What investors can learn from Snap’s flotation

Stocktake: Being patient can pay off even when looking at the hottest new stocks

 The Wall Street bull: What if this current bull market isn’t as old as it looks.  Photograph:  Spencer Platt/Getty Images

The Wall Street bull: What if this current bull market isn’t as old as it looks. Photograph: Spencer Platt/Getty Images

 

Initial public offerings (IPOs) tend to attract green folk looking to make a bundle by buying into the “next big thing”, but it can be a stressful business, as Snap enthusiasts are finding out.

The stock, which sports an eye-watering valuation, quickly fell by almost 30 per cent from its post-IPO highs. Such falls are not uncommon. Looking at 10 high-profile tech IPOs in recent years, blogger and Ritholtz Wealth Management strategist Ben Carlson noted that eight had suffered major falls ranging from 27 to 80 per cent. The only stocks to buck the trend were Facebook and Alibaba, which gained 261 and 52 per cent respectively.

However, actual returns are even worse. Snap’s offering price was $17, but demand for the stock saw it open for trading at $24. This is the norm – ordinary investors rarely get to buy at the offer price. Alibaba’s aforementioned gains are almost entirely wiped out if one factors in the opening-day pop, leaving Facebook as the sole winner of note.

The moral is that would-be IPO investors should be patient rather than buying on the first day’s trading – lower prices are usually a question of when, not if.

Bull market

The US bull market celebrated its eighth birthday last week, sparking no shortage of debate as to whether this elderly rally – the second-longest in history – can continue to defy Father Time. But what if this apparently ancient bull isn’t as old as it looks?

The most common definition of a bear market is a 20 per cent decline. The S&P 500 fell 19.4 per cent between May and October in 2011. Should that not qualify? What about the fact that at its intra-day low on October 4th, the index had fallen by 21.6 per cent?

Others argue that the 15 per cent correction that occurred between May 2015 and February 2016 was a bear market in all but name. Almost two-thirds of stocks fell by more than 20 per cent; the average stock fell by 34 per cent; indices went nowhere over an 18-month period; sentiment among ordinary investors was even lower than that seen in March 2003 and March 2009, at the tail end of two major bear markets.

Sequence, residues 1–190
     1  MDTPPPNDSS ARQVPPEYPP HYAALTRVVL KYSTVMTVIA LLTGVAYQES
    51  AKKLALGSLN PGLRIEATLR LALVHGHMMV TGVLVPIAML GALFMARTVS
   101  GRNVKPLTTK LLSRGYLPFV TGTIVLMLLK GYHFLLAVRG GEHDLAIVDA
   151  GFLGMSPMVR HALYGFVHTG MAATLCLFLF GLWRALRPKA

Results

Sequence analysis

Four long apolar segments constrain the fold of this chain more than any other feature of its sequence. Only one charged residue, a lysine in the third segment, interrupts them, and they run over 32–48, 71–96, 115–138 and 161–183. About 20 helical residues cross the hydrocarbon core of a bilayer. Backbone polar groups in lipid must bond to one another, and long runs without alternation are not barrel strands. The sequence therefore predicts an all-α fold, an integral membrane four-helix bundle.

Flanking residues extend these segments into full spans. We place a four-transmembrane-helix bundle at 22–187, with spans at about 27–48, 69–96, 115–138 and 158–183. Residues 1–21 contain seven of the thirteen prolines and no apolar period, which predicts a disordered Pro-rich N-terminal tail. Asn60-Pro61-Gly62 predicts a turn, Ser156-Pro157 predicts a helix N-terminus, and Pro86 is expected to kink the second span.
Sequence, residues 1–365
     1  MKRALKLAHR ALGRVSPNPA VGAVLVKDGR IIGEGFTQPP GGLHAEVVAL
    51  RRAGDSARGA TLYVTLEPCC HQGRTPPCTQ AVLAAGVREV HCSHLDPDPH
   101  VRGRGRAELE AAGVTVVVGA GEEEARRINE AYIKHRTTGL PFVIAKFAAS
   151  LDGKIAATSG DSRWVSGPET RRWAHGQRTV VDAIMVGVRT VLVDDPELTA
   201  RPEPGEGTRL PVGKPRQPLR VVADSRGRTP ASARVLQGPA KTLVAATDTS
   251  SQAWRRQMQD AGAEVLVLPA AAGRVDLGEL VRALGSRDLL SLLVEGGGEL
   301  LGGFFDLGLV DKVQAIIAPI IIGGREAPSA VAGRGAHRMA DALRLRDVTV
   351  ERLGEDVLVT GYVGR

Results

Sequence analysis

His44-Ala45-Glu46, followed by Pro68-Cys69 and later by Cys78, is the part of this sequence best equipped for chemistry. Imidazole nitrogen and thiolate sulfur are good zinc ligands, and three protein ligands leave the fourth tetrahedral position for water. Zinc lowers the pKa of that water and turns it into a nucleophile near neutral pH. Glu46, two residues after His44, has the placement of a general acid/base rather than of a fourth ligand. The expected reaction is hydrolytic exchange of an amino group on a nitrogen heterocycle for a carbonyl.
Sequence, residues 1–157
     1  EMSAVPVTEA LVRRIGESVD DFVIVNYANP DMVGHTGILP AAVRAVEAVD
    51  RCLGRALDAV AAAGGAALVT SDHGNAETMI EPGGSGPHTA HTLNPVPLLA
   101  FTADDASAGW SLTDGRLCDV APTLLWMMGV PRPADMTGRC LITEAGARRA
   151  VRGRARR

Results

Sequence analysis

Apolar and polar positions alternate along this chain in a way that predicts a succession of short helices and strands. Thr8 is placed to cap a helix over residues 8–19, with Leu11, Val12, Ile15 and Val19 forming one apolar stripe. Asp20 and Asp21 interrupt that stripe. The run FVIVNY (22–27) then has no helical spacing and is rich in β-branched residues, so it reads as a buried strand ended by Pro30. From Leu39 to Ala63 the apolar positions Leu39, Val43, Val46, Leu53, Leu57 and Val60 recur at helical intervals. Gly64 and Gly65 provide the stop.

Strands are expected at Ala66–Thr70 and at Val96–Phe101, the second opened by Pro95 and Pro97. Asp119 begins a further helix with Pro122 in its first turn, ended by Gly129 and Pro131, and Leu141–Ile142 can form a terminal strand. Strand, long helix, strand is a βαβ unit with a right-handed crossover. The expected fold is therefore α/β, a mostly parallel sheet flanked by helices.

One final point: the MSCI World Index fell into official bear market territory in 2011 and again in early 2016.

The moral? Don’t be too cocky as to when the bull market is going to end – not when you don’t even know for sure when it started.

Market strength

The suggestion that there is plenty life left in the current bull market is advanced by technical analysts at Oppenheimer Asset Management, who are encouraged by the market strength shown in recent months.

The S&P 500’s weekly relative strength index (RSI), a widely-followed momentum gauge, recently exceeded 75 – an extremely high reading indicating markets are technically overbought. Far from being bearish, such momentum is usually seen in the early stages of a new advance, says Oppenheimer, with above-average returns typically following over the next six months. The sectors leading the market higher – financials, technology and industrials – are also indicative of a bull market in its early stages, the firm says.

Still, StockTake is more inclined to see the ongoing advance as late-stage bull market behaviour – the “terminal phase of the cycle”, as Barclays puts it, when investors need to be “extra vigilant to signs of recession risk”.

Sentiment tends to get heady during these “high-conviction” phases, but don’t assume it’s time to start selling up, this phase of the economic cycle “can last several years and is most often characterised by stocks strongly outperforming bonds”, says Barclays.

Further gains

Stocks are not “cheap by any stretch”, hedge fund billionaire David Tepper said last week, but “animal spirits” and accommodative global monetary policy means there is “very little to get in the way” of further gains.

You can’t short the market “when the punch bowl’s still full”, said Tepper, referring to the “sugar that is still being put on” by central bankers in Europe and Japan. To sceptics, that might sound eerily reminiscent of Citigroup chief executive Chuck Prince, who famously said in July 2007 that you’ve “got to get up and dance” when the music’s playing, adding: “We’re still dancing”. The music stopped within months as the global financial crisis took hold.

Tepper is not Prince, however. One of the most successful investors in history, he has bagged gross annual returns of more than 30 per cent over the past two decades.

That doesn’t mean he is right, but it’s worth noting when contrarian investors like Tepper caution against fighting the trend. Be cautious about going against the herd, as George Soros once said, you are liable to be trampled on.

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